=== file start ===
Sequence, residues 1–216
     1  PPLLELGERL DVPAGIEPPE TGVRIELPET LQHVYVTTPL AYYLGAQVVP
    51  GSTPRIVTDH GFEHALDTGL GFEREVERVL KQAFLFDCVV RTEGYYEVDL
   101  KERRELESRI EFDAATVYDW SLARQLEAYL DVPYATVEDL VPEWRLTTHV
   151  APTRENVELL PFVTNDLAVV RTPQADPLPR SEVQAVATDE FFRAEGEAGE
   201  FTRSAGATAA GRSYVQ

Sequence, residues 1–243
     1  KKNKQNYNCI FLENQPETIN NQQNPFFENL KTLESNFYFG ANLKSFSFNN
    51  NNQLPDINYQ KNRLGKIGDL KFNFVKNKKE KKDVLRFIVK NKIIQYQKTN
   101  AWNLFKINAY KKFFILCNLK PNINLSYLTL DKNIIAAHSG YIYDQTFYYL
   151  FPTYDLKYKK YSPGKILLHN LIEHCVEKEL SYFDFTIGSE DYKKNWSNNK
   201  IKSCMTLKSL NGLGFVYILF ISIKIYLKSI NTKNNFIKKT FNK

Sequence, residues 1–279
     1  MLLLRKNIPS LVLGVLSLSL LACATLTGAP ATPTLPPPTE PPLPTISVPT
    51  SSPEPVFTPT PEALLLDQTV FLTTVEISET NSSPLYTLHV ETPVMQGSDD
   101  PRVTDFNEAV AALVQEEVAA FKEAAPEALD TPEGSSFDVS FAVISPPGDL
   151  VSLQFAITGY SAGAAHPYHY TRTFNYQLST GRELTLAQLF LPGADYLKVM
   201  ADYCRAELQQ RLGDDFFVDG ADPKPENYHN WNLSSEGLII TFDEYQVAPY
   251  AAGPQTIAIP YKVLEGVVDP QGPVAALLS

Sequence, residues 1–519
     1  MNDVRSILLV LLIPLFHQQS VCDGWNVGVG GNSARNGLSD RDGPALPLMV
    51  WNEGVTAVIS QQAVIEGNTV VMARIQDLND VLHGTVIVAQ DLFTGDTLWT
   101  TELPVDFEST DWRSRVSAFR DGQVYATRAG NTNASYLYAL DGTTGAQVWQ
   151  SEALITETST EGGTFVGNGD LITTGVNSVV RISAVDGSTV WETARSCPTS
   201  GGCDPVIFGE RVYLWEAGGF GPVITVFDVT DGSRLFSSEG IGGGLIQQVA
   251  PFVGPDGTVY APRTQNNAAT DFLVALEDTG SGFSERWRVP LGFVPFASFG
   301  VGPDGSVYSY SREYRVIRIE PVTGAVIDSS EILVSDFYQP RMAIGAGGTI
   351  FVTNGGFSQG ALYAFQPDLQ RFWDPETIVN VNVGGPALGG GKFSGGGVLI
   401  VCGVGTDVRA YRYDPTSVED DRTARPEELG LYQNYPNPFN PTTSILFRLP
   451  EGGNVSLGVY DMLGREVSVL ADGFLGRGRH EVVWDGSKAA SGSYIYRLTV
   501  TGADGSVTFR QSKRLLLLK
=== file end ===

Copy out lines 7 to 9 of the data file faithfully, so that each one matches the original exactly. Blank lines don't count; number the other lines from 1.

Sequence, residues 1–243
     1  KKNKQNYNCI FLENQPETIN NQQNPFFENL KTLESNFYFG ANLKSFSFNN
    51  NNQLPDINYQ KNRLGKIGDL KFNFVKNKKE KKDVLRFIVK NKIIQYQKTN